Rickenbacker 375F and 360/12F
Rarity and Rickenbacker go hand in hand. Compared to Gibsons or Fenders, all vintage Ricks are rare. The model 375F, however, is sublimely rare, even for a Rickenbacker. Made in extremely small numbers from 1959 to '62, the 375F was Rickenbacker's ne plus ultra in terms of features, with three pickups, deluxe appointments, and a special long-plate Ac'cent vibrato on a full-size single-cutaway body. Compared to a '50s Strat or Les Paul, they're practically non-existent!
Official production figures are three in Fireglo, three Mapleglo, and one Autumnglo. The pair of 375Fs you see here represent two-sevenths of the total production run!
Why, then, are these neither the most sought-after nor the most costly Ricks? Well, the most desirable Ricks today are those most reminiscent of Rickenbacker's glory days in the mid '60s. The 360/12 O.S. of Beatles fame, the 4001-S bass used by all English Rick players, and the "John Lennon" model 325 are tops on most wish lists, followed by the more-common 330- and 360-style guitars featured by most '60s bands at one time or another. The entire F (for "full body") series was mostly forgotten during the Beatles era — the more distinctive "swept-wing" double-cutaway Capri style having proven wildly popular. The more-traditional single-cutaway models never caught on, and no influential artist ever made significant use of one.
A pair of Rickenbacker 375F models.
Though, in terms of sound and quality, these guitars are equal to any Rickenbacker, most people don't know about the F series. Considering how few 375Fs there are, maybe it's a good thing only truly fanatic Rick fanciers seek these models so rarely seen. If one is your dream, grab it if you ever see it.
The model 360/12F is a slightly different, though related, animal. A product of Rickenbacker's late-'60s burst of creativity that produced the Banjoline, Bantar, convertible 12-string and such, the 360/12F joins the successful 360/12 neck and hardware to the mostly forgotten F-style body. With a blunter cutaway and less attractive control array, these late-'60s F models lack some of the grace of their earlier cousins. Reportedly produced from the late '60s through the early '70s, these must be chalked up as another rarer-than-rare Rickenbacker. – Peter Stuart Kohman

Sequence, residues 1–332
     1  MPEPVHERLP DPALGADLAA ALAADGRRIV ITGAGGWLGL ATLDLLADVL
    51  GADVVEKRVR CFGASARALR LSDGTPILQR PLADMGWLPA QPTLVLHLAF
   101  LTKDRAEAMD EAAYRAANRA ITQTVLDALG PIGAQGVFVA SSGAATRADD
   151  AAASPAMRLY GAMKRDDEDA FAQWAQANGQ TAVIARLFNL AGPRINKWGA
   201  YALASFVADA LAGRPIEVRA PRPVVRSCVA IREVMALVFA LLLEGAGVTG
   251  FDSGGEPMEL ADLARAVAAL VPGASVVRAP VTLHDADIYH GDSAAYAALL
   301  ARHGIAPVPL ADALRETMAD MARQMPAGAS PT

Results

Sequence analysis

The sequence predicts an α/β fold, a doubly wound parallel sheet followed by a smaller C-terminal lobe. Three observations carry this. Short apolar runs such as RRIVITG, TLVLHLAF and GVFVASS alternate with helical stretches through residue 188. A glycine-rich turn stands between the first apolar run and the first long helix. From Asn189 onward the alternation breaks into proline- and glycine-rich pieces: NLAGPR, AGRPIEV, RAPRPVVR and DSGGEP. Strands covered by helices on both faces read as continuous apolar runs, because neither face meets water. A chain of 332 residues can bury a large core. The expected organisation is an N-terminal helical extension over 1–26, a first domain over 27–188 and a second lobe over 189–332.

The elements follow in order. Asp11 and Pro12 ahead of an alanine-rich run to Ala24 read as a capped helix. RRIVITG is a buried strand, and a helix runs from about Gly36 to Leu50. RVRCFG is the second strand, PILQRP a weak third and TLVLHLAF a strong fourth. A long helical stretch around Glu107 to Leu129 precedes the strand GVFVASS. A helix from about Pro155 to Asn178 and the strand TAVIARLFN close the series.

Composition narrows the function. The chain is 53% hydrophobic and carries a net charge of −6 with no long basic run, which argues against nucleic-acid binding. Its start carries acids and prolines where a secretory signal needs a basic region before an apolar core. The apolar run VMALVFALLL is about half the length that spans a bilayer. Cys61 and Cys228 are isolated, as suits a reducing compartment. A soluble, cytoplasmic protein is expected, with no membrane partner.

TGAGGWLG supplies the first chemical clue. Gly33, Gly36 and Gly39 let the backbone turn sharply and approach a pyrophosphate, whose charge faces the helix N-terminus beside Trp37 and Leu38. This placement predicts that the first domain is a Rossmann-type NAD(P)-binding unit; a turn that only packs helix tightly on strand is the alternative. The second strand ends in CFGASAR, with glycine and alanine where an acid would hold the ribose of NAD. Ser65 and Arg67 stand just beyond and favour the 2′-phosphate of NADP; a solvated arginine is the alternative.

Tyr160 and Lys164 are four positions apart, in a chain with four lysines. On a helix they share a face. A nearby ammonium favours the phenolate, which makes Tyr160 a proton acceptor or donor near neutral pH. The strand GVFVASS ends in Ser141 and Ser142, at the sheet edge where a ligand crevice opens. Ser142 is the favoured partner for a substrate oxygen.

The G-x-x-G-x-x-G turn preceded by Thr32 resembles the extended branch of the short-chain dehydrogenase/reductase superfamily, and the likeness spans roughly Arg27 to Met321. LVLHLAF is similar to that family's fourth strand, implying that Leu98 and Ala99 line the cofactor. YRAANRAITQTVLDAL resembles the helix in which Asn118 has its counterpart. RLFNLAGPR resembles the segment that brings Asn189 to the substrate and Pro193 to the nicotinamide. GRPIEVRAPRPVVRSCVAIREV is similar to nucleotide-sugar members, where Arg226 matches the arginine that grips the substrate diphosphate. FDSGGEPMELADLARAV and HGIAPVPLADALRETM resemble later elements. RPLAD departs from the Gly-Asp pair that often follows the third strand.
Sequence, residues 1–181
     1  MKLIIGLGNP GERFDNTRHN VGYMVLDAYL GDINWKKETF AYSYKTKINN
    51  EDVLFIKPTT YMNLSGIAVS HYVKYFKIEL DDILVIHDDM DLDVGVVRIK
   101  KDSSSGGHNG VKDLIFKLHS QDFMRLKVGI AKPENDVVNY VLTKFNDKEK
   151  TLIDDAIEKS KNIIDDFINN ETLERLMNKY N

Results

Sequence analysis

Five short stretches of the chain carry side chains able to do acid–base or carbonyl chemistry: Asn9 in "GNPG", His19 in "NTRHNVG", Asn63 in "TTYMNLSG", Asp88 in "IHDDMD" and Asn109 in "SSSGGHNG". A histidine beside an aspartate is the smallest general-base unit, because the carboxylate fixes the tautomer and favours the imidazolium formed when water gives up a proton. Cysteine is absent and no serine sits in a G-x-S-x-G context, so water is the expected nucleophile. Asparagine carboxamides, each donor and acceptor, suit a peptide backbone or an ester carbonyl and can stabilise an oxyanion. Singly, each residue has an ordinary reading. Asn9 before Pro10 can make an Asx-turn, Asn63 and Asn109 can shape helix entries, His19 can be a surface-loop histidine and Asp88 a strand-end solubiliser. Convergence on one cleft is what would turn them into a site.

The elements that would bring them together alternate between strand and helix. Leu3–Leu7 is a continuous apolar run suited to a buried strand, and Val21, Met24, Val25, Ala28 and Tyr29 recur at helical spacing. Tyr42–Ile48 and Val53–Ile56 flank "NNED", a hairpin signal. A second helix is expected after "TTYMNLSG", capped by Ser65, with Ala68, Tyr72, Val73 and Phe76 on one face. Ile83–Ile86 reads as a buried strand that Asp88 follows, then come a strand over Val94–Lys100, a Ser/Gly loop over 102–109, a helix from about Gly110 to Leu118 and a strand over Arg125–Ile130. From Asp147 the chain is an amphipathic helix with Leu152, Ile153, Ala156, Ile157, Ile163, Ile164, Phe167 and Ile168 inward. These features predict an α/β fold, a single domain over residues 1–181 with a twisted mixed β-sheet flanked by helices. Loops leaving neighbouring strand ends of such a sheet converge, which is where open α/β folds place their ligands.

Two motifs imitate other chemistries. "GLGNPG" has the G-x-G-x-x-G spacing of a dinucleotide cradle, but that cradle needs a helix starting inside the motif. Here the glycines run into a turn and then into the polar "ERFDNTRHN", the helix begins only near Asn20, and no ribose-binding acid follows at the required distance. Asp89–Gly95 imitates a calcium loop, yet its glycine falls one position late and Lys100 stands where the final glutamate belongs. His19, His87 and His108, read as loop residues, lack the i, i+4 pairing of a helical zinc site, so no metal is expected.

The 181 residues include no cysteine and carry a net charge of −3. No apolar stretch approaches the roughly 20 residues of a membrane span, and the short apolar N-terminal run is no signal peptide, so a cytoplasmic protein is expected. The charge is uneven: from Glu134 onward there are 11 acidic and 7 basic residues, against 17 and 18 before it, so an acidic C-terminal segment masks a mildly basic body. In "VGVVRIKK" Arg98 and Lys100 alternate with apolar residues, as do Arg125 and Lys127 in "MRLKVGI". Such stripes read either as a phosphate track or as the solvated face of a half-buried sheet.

Bonamassa Boosts Team Josie
Joe Bonamassa has been added to the list of contributors to this year's Team Josie Relay for Life raffle, co-sponsored by Vintage Guitar magazine. Bonamassa recently donated an autographed Jim Dunlop JB95 Wah and autographed Dunlop JBF3 Fuzz Face to this year's event.
Team Josie, an American Cancer Society Relay for Life team sponsored by Vintage Guitar magazine, will participate in its fifth annual benefit walk, June 1 in Grand Forks, North Dakota. Each year, the magazine works with a guitar builder and several of its advertisers to raise donations in the weeks leading up to the event. To date, the team has raised more than $32,000 via pledges and an annual raffle of guitar-related gear. This year, the raffle will feature a Hamilton Headless model donated by Schaefer Guitars.
The Hamilton Headless has a 25" scale, mahogany body with maple top, a 1 21/32" nut width, a zero fret, Schaller adjustable roller bridge, Steinberger gearless tuners, Kent Armstrong 12-pole humbuckers, rosewood fingerboard, and rosewood-and-pearl-inlaid knobs. Other prizes include a Joe Bonamassa autographed set of Jim Dunlop JB95 Wah pedal and a Dunlop JBF3 Fuzz Face, four guitar straps from Souldier Straps, a bridge from Stetsbar, and a wooden guitar stand from Katahdin. Raffle tickets for the June 1 drawing are available for $50. Entry deadline is May 25.
Team Josie was named in memory of Josie Alise Greenwood, who died in April of 2007 after being diagnosed with acute lymphoblastic leukemia (ALL). She was three years old. Josie was the daughter of VG webmaster Joe Greenwood and grand-niece of VG publisher Alan Greenwood. Readers can support Team Josie, view the prizes and purchase raffle tickets by Clicking Here.